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17 of 17 people found the following review helpful
4.0 out of 5 stars Sunday afternoon in an armchair reading, 3 Nov 2010
By 
This review is from: The Winds of Heaven (Paperback)
Lovely, undemanding reading for a Sunday afternoon when you can't be bothered going out for a walk. As a previous reviewer has pointed out, this is a King Lear story about a mother with three daughters, set in the early 1950s. Louise has been left penniless after the death of her overbearing husband, which leaves her dependent on these daughters for everything, a roof over her head, a busfare into town, a new dress. She is passed from one to another like an unwanted parcel, spending two months a year with each of them, only to be billeted for the winter months on a friend who runs a chaotic seaside hotel. One daughter is socially ambitious, a brittle, unsympathetic woman with disappointments of her own; the middle daughter is an aspiring actress, in love with a married man; the youngest is a slattern, married to a man who is socially beneath her (but he is the only one who shows any understanding to her mother). None of the daughters is exactly unkind; but they make Louise feel like the burden that she undoubtedly is. (In the early 1950s, when being 50 was most certainly not the new 30, it is taken for granted that a middle-aged, middle-class woman is too old and useless to get a job or be self-supporting.) Louise's only friend is a fat man who sells beds in a department store on Oxford Street; she knows that her daughters would dismiss him as 'common.'
I wallowed in this book for a whole weekend, though the melodramatic ending is a disappointment. See that it's soon to be republished by Persephone Books and it's definitely one of those old-fashioned titles they describe as 'hot water bottle' novels. Much better reading, I thought, than their other Monica Dickens title, Mariana. Although perhaps it's an age thing; Mariana is a girls' book, The Winds of Heaven is middle-aged escapism.
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15 of 15 people found the following review helpful
5.0 out of 5 stars The Winds of Heaven, 17 Oct 2010
This review is from: Winds of Heaven (Hardcover)
"When the winds of heaven blow, men are inclined to throw back their heads like horses, and stride ruggedly into the gusts, pretending to be much healthier than they really are; but women tend to creep about, shrunk into their clothes and clutching miserably at their hats and hair."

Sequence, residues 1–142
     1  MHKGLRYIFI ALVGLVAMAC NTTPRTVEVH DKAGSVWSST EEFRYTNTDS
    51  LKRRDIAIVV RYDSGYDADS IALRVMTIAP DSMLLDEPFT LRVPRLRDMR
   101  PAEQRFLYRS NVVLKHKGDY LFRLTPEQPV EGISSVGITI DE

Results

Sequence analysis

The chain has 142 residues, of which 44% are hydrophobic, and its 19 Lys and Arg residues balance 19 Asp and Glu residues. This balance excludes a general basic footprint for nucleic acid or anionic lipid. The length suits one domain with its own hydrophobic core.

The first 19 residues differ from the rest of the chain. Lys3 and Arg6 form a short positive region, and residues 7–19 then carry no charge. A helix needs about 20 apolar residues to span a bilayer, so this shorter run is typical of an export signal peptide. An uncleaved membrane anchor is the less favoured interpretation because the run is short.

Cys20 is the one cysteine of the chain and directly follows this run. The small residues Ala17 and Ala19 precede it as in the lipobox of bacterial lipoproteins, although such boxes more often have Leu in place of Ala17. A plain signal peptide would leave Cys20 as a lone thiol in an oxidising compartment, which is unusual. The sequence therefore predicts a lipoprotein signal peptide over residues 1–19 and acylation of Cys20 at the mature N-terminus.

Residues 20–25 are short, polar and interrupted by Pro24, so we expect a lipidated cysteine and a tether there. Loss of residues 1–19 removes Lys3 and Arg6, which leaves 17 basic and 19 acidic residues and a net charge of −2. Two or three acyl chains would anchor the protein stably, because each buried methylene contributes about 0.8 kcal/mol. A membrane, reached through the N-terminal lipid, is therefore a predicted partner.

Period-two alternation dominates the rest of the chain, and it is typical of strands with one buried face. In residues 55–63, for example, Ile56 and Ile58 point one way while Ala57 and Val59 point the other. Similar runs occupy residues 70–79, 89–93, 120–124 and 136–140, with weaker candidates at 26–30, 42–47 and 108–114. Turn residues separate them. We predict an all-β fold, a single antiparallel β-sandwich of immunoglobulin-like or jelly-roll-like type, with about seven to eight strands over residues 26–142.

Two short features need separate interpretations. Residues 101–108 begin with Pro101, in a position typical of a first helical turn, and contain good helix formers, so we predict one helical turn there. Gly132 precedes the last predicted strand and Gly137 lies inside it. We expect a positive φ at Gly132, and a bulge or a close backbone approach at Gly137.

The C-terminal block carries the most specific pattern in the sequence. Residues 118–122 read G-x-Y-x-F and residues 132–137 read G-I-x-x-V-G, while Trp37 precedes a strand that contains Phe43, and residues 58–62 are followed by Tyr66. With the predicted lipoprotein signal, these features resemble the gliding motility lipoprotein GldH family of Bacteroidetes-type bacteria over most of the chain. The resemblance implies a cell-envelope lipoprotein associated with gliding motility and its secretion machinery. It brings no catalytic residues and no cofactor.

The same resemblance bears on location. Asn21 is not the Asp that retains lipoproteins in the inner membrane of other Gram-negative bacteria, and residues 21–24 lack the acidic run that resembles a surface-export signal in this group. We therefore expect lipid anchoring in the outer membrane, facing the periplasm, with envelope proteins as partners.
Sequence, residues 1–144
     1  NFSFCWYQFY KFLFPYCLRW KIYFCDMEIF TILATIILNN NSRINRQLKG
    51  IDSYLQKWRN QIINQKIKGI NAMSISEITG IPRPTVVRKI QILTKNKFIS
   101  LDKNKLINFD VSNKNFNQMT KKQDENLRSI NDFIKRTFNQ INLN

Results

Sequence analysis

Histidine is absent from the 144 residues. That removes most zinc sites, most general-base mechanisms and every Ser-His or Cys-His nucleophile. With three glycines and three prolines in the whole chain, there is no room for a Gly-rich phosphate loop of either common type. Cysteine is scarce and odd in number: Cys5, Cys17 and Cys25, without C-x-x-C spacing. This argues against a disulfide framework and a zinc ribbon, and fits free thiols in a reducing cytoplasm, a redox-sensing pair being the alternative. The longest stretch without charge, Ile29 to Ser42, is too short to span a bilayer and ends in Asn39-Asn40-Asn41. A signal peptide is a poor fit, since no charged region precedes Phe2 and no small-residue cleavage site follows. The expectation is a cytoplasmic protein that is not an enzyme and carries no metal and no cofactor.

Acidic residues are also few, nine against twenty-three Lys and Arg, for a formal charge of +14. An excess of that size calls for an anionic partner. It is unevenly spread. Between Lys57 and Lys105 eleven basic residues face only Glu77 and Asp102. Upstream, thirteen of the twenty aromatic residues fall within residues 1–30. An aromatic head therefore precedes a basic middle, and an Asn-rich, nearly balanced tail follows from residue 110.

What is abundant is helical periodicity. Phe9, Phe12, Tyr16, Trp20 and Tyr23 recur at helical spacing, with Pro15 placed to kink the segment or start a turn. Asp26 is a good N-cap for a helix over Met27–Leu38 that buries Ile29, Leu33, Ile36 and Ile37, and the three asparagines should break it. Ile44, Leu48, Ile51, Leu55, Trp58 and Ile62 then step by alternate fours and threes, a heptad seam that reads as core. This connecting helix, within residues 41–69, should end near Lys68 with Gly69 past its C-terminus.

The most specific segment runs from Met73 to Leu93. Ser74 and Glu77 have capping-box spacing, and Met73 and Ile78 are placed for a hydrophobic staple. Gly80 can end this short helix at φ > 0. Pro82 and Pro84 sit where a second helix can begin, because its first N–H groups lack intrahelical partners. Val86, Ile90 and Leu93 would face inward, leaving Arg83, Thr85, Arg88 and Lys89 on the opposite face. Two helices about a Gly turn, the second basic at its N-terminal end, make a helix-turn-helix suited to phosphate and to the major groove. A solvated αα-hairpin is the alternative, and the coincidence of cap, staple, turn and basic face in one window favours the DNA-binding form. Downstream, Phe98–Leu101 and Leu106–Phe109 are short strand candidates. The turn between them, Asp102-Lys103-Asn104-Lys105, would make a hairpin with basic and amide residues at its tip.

Louise Bickford had felt the force of the wind of heaven. In her early fifties in the early fifties, she found herself widowed, penniless and homeless after the death of her brutish husband.

Her daughters, three very different women, knew that they had to their duty and so she spent part of the year with each and the winter months in a run-down hotel owned by an old school friend. It's a far from ideal arrangement, but there seems to be no alternative. Louise's suggestion that she earn a living is swiftly dismissed by her family. She is unskilled and it is not what women of her class do. And so she tries to help out, to be unobtrusive, but sadly it is unappreciated. Louise' daughters are wrapped up in their own lives their own concerns and give not one thought to how their mother might feel, what she might want.

The lack of understanding, the lack of communication, is horrible but it is utterly believable. That made this an uncomfortable read at times, but it was always compelling. And if Louise could hold on then so could I. She finds support from two of the more sensitive members of her family. And from a salesman who become a friend after a chance encounter in a cafe.

Monica Dickens writes such lovely prose and she is a fine storyteller. Characters, settings, and scenarios are all utterly believable. And she picks up exactly the right details to bring the story to life, to make it utterly real.

Eventually, inevitably arrangements break down and Louise finds herself in trouble ...

More than that I am not going to say.